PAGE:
How did you get involved in game design?
I started out by making some small variants to U-Boat Leader. Although I liked the game, I wanted to tweak it to match my interests. I added some “Chrome” to the game by adding medals and more detailed logs, then additional “event” cards to change up the tactical phase. Then I created a Convoy Intercept mini-game and decided to make a tactical variant that included a lot of the tactics and maneuvering that U-Boats did during the war. All of this took the game well beyond its intended scope, and inspired me to design my own solitaire “Leader” game, so I contacted Dan Verssen at DVG.
The advantage of designing a “Leader” game is that a solid game foundation already existed, and I thought I “only” had to pick the theme and implement the existing engine around it. It turns out that it wasn’t quite as simple as that.
What made you interested in a game about the American Bombing Campaign in the European Theater of Operations (ETO)?
I’d recently acquired B-17 Queen of the Skies, a classic game created by Avalon Hill, where you take command of a single B-17 Bomber and attempt to complete 25 bombing missions while keeping as many crew members alive as you can. There are a lot of charts and tables that walk you through each mission. While there really aren’t a whole lot of decisions to make, the game generates an interesting narrative… which basically means you become invested in keeping your aircraft going and getting “your” named crew back safely. That game kicked off another round of buying and reading books about the American and British bombing campaign over German-controlled countries, and against Germany itself.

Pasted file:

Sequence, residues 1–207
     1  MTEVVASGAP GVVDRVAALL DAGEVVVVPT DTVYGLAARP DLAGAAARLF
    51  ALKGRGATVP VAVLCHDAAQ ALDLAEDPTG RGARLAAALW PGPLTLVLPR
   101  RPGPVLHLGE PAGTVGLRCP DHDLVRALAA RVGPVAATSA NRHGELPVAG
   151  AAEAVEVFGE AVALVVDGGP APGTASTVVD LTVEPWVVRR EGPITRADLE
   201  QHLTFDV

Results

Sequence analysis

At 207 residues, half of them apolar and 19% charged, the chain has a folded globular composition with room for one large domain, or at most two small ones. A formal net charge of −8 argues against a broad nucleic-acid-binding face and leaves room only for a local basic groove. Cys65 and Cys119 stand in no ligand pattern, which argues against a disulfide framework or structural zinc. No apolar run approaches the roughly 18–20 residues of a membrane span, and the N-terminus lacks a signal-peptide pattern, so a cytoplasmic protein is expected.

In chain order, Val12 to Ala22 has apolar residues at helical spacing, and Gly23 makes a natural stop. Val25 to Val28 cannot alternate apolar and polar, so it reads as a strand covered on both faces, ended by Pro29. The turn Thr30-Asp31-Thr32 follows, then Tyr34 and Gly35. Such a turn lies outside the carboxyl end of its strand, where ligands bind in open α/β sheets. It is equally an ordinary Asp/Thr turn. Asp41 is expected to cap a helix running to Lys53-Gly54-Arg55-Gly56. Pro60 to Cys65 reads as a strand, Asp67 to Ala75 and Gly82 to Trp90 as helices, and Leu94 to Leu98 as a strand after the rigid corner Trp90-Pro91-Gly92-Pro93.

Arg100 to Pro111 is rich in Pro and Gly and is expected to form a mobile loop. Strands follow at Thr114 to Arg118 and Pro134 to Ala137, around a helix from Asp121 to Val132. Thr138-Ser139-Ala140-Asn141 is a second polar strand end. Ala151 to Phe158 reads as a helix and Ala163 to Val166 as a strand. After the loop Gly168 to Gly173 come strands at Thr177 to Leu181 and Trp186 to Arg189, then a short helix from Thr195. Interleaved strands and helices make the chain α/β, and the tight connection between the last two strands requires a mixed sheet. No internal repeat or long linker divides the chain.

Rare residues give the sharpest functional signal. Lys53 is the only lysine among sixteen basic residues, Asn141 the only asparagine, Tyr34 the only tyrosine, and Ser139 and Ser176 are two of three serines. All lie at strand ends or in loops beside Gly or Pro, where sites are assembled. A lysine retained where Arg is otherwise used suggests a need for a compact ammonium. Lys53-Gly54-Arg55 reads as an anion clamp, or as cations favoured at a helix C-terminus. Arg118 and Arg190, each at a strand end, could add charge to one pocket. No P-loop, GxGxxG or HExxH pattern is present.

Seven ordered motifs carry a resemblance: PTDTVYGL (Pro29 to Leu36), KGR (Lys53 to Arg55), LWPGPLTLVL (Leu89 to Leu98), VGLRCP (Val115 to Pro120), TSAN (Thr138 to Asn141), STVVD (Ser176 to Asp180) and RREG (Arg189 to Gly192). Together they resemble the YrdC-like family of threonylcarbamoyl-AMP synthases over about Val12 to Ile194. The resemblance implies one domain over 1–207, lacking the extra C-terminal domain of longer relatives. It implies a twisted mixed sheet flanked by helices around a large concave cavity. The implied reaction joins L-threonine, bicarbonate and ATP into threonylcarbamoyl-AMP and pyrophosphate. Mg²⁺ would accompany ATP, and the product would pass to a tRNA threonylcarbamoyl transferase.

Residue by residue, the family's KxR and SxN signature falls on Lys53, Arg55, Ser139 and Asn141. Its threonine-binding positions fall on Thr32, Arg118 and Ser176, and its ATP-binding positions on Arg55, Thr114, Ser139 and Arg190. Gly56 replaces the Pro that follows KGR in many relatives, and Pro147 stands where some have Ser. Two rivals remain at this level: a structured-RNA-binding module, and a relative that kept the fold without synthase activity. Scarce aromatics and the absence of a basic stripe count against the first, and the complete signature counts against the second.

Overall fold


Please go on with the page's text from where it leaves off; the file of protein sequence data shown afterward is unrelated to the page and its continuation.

What are the goals of players in your game?
I wanted to do the following:
- Highlight the Strategic Bombing Campaign against Germany, which meant that there had to be lots of bombers and fighters involved.
- Focus the game on the primary goal of the Bombing Campaign, which was to reduce the fighting capability of the Luftwaffe so that the D-Day invasion could safely land and gain a foothold.
- Include the various tactics and technologies that evolved on both sides throughout the campaign.
- Include aspects that significantly affected the campaign, like weather and intelligence.
- Provide long-term scenarios or campaigns that show how the bombing campaign affected the Luftwaffe, other industries, and the overall War Campaign on multiple fronts (Russian and Mediterranean).